Yes – renewable gas is an emerging market. Historically, natural gas – which is drilled from the ground and which has a huge carbon footprint – has been so cheap that there has been no real incentive to create renewable gas. Generally, what has happened in the past is that renewable gas, such as biogas, has been produced but then it has been used in a gas engine to generate power. The resulting electricity has then been sold onto the grid, because it is more lucrative than selling the gas to the grid.

That is changing slowly, however, as governments – including the UK – are introducing schemes such as the renewable gas incentive. So companies which previously produced renewable gas, but turned it into electricity – and wasting heat in the process – are now being incentivised to produce renewable gas. So we’re now seeing growth and an increased demand for certified, renewable gas.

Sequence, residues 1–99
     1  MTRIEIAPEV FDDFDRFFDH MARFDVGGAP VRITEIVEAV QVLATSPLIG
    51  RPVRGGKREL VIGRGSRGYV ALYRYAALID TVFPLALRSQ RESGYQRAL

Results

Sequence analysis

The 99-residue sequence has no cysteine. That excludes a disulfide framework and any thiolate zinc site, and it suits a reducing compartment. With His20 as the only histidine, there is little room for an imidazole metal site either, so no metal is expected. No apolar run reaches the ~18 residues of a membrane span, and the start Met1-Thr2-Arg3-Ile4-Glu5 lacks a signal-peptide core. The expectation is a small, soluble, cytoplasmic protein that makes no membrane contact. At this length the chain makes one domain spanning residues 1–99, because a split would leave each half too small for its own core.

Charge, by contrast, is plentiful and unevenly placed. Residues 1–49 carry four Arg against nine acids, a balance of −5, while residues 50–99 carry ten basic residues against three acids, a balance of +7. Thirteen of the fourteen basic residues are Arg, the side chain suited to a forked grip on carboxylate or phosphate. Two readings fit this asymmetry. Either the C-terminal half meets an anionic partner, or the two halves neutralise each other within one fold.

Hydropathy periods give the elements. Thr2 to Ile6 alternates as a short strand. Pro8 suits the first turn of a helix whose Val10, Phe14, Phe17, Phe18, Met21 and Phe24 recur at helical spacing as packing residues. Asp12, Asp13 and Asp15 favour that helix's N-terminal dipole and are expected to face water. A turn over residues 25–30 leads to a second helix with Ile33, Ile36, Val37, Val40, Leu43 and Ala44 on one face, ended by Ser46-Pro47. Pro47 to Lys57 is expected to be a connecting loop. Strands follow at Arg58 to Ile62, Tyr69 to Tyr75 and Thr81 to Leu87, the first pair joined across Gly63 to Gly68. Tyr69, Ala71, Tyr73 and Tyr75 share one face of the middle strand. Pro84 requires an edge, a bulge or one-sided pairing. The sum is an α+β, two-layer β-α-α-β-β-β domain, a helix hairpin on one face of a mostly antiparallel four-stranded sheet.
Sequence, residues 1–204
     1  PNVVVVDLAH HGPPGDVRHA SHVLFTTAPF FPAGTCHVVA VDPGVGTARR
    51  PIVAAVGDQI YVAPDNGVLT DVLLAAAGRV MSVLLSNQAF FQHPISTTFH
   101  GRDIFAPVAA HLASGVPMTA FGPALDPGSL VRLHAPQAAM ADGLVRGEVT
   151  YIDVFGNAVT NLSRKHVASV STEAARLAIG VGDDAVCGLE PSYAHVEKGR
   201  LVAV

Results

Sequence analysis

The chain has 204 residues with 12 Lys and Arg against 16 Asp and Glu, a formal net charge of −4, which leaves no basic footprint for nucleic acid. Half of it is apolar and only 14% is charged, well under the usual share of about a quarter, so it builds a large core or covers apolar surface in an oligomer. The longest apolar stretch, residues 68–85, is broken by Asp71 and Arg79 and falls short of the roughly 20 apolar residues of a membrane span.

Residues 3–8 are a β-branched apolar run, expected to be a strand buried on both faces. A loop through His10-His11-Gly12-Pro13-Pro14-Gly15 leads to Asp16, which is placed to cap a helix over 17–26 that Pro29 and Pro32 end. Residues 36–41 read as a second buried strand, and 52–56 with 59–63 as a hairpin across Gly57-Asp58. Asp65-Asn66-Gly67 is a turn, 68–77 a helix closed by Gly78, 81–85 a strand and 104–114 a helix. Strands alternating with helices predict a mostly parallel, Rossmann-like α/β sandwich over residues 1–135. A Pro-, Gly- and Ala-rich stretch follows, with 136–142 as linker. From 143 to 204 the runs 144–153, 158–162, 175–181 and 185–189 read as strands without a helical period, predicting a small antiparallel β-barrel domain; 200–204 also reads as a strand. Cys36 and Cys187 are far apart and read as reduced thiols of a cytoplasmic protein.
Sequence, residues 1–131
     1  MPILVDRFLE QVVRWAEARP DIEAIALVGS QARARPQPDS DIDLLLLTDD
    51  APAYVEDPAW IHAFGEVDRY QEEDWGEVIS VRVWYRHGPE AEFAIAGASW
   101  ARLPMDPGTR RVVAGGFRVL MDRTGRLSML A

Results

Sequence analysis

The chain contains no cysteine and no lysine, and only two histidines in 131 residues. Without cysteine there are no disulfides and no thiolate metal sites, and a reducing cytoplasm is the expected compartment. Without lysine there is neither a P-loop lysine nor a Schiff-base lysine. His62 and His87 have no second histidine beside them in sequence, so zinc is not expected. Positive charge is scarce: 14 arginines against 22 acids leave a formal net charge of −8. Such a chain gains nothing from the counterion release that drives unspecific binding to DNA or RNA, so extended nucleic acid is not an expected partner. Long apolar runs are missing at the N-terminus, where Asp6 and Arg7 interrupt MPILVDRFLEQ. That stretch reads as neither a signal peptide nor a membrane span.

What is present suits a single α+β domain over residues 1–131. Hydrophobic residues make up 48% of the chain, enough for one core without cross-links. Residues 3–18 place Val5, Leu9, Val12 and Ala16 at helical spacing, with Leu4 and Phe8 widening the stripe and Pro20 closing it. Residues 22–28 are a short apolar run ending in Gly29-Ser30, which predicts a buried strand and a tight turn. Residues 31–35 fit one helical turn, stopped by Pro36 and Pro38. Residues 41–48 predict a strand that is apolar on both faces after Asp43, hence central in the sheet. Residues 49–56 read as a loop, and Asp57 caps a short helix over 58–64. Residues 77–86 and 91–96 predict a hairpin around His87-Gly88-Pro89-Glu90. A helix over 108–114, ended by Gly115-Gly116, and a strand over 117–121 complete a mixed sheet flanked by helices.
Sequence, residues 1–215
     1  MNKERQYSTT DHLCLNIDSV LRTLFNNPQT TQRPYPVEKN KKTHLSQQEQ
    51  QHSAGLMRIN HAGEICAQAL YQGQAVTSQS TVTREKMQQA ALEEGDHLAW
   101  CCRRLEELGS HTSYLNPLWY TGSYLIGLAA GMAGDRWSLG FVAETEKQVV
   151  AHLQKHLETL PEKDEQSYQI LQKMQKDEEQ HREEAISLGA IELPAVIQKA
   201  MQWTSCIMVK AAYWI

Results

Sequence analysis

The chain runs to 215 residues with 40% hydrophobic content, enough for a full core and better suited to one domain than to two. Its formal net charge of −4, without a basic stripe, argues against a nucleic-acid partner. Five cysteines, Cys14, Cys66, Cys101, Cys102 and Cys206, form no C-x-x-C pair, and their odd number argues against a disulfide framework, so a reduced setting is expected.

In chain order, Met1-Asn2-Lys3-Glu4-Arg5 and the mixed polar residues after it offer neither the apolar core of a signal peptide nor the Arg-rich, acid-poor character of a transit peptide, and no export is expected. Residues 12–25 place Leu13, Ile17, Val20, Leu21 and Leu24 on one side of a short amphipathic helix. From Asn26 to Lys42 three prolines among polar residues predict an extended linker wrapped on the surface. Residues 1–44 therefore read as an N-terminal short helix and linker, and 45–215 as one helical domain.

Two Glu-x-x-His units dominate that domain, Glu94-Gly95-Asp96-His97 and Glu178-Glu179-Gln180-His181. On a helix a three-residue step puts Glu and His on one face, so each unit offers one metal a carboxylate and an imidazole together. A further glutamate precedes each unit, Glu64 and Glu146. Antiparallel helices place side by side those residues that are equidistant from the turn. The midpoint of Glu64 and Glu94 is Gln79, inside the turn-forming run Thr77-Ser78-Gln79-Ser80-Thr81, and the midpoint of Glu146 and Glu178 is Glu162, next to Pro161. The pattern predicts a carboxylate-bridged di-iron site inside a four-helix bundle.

Also, the recent volatility in the natural gas market has worked in favour of renewable gas. Traditionally, renewable gas has come with a premium. It has been in short supply and historically has been more expensive – around a 30 per cent more expensive than natural gas. But as the cost of natural gas has skyrocketed in recent months, there has been no real difference in price between renewable and natural gas.

Is renewable gas becoming more popular, then?

Yes. The reason why companies who take sustainability seriously are keen on renewable gas is that it only has around 1/1,000th of the carbon content of natural gas. So if a company that was previously producing 950 tonnes of carbon from natural gas was to switch to renewable gas, it would reduce its carbon down to 1 tonne. And that’s achieved without any need to change boilers or any other systems – business would be as usual, with the one difference that the company would be polluting much less.